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28 December 2018, 07:30 | Updated: 28 December 2018, 07:33
Around one in 10 people in Scotland would not accept someone of a different religion to them being elected as their MSP, a study has suggested.
Analysis also found 11% would not accept an individual with a different faith marrying a relative.
The report, published by the Humanist Society Scotland, surveyed around 1,000 people in the country to evaluate their tolerance on a range of issues.
Its conclusions suggest that despite Scotland having a positive reputation for inclusiveness and acceptance of others, a "hidden intolerance" remains.
Survey respondents were also asked about their views on same-sex relationships, with 67% stating they do not believe it to be wrong.
But 20% of those asked said they do believe same-sex relationships are wrong, while 8% said they did not know, and 5% preferred not to say.
The number of people who think same-sex relationships are wrong rose to around one in three amongst male respondents.
Humanist Society Scotland described some of the findings as "concerning".
Chief executive Gordon MacRae said: "Overall, this research paints Scotland as a country accepting of different religious or non-religious outlooks.
"However there are some findings of concern. There has been unacceptable incidents in the past of people attempting to use religious positions to advocate against voting for candidates in an election.
"Thankfully this is shown to be out of touch with the overwhelming majority of people in the country who hold much more inclusive values and believe religious leaders should not attempt to sway people's votes.
"It is disappointing to see continued opposition to same-sex relationships amongst a minority, but nevertheless sizeable, proportion of the community.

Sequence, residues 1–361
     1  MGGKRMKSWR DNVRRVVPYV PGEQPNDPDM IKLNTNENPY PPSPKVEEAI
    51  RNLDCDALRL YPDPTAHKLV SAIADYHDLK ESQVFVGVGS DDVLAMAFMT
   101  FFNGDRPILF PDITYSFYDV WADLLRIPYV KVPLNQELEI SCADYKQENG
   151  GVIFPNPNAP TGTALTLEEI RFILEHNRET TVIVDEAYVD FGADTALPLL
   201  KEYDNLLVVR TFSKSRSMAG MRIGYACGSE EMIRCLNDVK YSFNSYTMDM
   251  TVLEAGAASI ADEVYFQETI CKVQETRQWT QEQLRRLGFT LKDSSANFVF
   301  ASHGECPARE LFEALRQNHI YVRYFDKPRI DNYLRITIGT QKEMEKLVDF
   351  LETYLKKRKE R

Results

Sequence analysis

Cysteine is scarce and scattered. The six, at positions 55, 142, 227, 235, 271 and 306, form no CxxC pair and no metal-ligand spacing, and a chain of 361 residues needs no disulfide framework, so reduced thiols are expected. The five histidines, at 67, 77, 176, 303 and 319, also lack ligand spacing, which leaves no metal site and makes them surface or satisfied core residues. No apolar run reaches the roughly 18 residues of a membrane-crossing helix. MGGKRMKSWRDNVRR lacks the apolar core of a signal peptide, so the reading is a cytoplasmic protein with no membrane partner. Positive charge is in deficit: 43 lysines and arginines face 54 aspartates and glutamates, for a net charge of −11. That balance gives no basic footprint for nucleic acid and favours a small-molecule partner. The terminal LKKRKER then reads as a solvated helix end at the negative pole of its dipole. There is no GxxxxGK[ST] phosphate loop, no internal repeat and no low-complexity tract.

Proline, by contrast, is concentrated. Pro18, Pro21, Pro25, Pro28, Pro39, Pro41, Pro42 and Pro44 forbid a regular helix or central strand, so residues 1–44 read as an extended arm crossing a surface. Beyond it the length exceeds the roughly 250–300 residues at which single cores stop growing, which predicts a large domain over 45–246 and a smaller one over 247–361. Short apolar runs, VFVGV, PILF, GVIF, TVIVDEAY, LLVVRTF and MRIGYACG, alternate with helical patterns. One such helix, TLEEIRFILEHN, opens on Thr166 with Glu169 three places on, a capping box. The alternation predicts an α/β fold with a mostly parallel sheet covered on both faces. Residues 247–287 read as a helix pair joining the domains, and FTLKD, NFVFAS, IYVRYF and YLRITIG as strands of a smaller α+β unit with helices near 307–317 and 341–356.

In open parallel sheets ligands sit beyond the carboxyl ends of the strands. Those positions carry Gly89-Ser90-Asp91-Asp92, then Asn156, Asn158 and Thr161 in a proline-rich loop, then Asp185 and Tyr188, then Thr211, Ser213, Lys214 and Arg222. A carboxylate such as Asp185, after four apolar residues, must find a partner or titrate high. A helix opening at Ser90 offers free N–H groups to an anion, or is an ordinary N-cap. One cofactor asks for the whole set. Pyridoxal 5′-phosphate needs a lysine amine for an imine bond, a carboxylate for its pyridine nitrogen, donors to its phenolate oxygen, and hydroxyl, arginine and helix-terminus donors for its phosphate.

"As humanists, we support individuals living a loving life with those who make them happy. There clearly continues to be work done to ensure Scotland is a fully inclusive nation for LGBT people.
"The Scottish public have also shown their awareness of those who attempt to use religion as a tool for division.
"Over three-quarters said they felt some hard-line religious people were too intolerant of others and believed in no way should religious leaders attempt to influence people's democratic votes."
A spokesman for the Church of Scotland stated it was positive to see the report noting Scotland as a largely tolerant and inclusive society, however said that more work must be done.
"The Church of Scotland works continuously to nurture good relationships with people of all faiths and none," he said.
"Christians, and all people of faith, are shaped and influenced by what they believe. They believe that Jesus challenged the falsely pious and intolerant of his age and of every age.
"His message was radically challenging of those who thought that they had it all worked out - what was right and what was wrong - and it remains so today.
"In recent years, the Church has forged strong friendships through our interfaith and ecumenical work.
"We also partner with a wider range of groups and charities, regardless of their religious affiliation, to improve lives in Scotland's most disadvantaged areas.
"We are aware that there are tensions in Scottish society and where we find prejudice, we are always willing to try to work to heal divisions and improve understanding."